Cultivars vary in the duration and intensity of flowering. Most plants have a very extended flowering season, but the period of fruit set is usually much more restricted. Several weeks may separate the first and last flowers within each axillary cluster. Furthermore, flowers in clusters near the base of a fruiting branchlet develop before those more distal on the branchlet. Early flowers often fail to set fruit because temperatures are too low; later flowers may not achieve the same size as those set earlier. Some clones will flower again if the fruits first set are lost through disease or damage. There are also clones which may flower several times during one growing season, and flowers, green (unripe) fruit, and red (ripe) fruit may be borne simultaneously on the same tree.
Although trees produce tremendous numbers of flowers, generally only 1 to 2 percent of the flowers actually set fruit. The reproductive biology of the Chinese date requires further study, but there seem to be several mechanisms to ensure cross-pollination.
• Most cultivars appear to be self-incompatible, although some can produce fruit from self-pollinated flowers or parthenocarpically. For home gardens, it is obviously an advantage to have trees that are self-compatible or that set fruit parthenocarpically. Most of the cultivars widely grown in the United States appear to be self-compatible, in that many isolated trees set heavy crops.
• The flowers are protandrous, that is, the anthers dehisce and the pollen is released as soon as the flowers open, but it is only after some hours that the stigmata become exposed through the recurving of the upper parts of the styles, and that nectar is released. This helps ensure cross pollination.
• Opening of the flowers on an individual plant appears to be synchronised, but clones can generally be divided into two classes, those with flowers opening early in the day and those that flower 6 to 12 hours later. The actual timing seems to depend on clone and on climatic conditions. Limited studies indicate that effective cross-pollination and fruit setting requires trees of opposite flowering types. Even this, however, is not always sufficient to guarantee good yields.
Introducing beehives into the orchard during flowering is a common practice to enhance fruit set. Girdling of the trees during or just prior to full bloom is a traditional way of increasing fruit set. In orchards in northern China, where it is often very dry during spring, farmers spray the flowers with fresh water to prevent premature desiccation and withering of the styles and stigmatic surfaces. An improved technique routinely used today is to spray with 10 to 20 ppm gibberellin solutions.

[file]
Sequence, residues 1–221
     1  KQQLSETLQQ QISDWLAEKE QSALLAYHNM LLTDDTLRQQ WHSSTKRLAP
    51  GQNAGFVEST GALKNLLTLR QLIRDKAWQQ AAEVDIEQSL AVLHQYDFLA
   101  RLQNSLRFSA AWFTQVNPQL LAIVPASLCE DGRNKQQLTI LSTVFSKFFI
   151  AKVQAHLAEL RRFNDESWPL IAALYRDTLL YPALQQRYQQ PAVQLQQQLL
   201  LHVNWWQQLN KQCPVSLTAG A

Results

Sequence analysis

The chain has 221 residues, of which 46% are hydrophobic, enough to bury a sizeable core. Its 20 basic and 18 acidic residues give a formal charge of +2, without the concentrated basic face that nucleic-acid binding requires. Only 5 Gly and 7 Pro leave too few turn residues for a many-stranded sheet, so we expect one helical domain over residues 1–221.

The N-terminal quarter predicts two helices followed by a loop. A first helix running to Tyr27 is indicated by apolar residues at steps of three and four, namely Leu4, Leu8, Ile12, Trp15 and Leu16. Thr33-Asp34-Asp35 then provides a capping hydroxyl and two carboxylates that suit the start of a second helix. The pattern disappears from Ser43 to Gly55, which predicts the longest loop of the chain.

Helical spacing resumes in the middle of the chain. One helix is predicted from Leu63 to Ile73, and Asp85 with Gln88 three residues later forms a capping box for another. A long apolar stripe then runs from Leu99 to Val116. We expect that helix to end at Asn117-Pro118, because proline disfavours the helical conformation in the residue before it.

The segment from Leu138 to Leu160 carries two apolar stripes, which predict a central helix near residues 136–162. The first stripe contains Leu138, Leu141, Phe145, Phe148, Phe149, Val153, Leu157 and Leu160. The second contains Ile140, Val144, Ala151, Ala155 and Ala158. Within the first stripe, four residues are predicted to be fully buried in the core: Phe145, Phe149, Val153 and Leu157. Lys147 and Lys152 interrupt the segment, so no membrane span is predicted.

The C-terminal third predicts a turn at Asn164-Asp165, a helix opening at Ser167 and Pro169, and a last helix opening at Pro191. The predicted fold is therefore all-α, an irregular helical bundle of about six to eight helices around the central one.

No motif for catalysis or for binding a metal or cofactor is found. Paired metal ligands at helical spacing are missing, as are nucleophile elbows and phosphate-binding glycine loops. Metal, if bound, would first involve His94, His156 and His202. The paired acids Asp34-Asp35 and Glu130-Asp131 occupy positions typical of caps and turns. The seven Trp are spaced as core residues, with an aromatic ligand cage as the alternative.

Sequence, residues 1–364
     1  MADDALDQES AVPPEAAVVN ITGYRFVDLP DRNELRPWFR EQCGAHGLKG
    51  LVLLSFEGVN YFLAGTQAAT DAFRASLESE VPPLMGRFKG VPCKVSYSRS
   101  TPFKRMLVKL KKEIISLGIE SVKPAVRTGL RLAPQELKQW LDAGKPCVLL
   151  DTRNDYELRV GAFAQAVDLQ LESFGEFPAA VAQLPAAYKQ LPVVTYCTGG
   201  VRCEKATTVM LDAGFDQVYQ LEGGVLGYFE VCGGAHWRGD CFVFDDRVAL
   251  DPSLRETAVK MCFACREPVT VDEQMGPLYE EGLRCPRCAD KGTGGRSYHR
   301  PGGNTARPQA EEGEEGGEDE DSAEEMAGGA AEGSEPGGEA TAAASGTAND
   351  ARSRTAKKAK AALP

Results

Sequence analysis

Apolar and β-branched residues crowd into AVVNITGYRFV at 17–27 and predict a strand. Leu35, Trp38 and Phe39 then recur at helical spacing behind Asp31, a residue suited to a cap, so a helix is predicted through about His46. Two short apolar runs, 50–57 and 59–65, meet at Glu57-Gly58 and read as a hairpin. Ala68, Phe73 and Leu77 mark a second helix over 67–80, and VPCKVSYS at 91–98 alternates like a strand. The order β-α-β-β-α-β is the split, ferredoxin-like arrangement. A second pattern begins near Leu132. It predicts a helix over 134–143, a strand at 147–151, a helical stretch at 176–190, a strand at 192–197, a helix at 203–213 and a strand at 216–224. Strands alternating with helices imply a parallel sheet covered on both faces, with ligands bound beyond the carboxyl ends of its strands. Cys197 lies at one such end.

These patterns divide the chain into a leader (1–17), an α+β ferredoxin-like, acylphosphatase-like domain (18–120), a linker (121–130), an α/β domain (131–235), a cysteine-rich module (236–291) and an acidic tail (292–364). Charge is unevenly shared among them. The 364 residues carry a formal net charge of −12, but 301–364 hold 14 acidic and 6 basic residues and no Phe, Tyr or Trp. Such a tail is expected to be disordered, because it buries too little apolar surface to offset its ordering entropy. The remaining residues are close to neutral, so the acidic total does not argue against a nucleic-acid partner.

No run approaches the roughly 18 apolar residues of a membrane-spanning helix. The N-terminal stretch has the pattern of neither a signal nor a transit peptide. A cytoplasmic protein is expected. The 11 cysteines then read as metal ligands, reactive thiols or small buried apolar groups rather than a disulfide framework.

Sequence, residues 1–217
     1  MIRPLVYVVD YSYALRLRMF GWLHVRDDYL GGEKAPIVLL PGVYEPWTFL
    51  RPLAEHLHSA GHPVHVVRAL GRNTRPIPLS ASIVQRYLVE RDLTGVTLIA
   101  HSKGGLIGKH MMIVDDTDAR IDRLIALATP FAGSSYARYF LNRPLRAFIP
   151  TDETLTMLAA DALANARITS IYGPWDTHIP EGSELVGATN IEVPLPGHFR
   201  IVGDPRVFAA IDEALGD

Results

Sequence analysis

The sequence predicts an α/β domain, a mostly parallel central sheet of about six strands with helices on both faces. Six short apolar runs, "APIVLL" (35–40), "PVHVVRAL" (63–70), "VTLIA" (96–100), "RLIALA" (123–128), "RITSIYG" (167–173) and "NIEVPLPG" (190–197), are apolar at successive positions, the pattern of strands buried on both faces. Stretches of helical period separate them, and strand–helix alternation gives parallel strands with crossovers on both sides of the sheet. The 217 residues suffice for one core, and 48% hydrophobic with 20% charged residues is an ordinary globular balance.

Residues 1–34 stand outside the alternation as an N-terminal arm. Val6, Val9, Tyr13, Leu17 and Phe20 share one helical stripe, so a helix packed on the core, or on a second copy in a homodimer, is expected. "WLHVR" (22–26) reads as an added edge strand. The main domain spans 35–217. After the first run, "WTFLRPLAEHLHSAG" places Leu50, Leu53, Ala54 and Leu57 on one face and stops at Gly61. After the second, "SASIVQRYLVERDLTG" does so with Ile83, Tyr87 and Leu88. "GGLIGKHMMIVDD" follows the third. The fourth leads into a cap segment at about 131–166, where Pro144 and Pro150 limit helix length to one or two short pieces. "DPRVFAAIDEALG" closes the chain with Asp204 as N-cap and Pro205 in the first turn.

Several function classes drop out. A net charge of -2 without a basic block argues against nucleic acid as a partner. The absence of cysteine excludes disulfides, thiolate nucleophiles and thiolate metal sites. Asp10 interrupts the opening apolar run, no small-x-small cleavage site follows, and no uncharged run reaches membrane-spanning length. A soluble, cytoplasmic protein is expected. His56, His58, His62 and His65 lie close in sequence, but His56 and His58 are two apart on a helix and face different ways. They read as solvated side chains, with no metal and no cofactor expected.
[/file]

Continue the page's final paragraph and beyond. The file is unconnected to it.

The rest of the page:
Fruit Growth and Harvest
Botanically, the fruit of the Chinese date is like a drupe with a succulent flesh (pericarp) surrounding the stony endocarp. A small collar of tissue at the stalk end is derived from the nectariferous disc. The sweet whitish flesh encloses a hard two-seeded stone. The skin is thin and smooth, becoming reddish brown and wrinkled on ripening.
In China the fruits mature during September and October (i.e., late summer to early autumn). The immature fruits have a green skin, and will not ripen if picked. Fruit picked later will continue to ripen after harvest. There are three main stages in fruit maturation and the use that is to be made of the fruit determines the stage at which it is harvested.
(a) Skin whitish: at this stage fruits achieve their maximum size and the skin changes from green to greenish-white (milky green), whereas the flesh remains a pale green. Fruits at this stage of maturity can be candied.
(b) Crisp maturity: patches of the skin turn brown, so that the fruits appear spotted, and eventually the skin becomes reddish-brown; the flesh changes from green to white, but is still hard and crisp. Fruits for consumption fresh are best harvested when about half the skin has turned brown. Fruits tend to ripen unevenly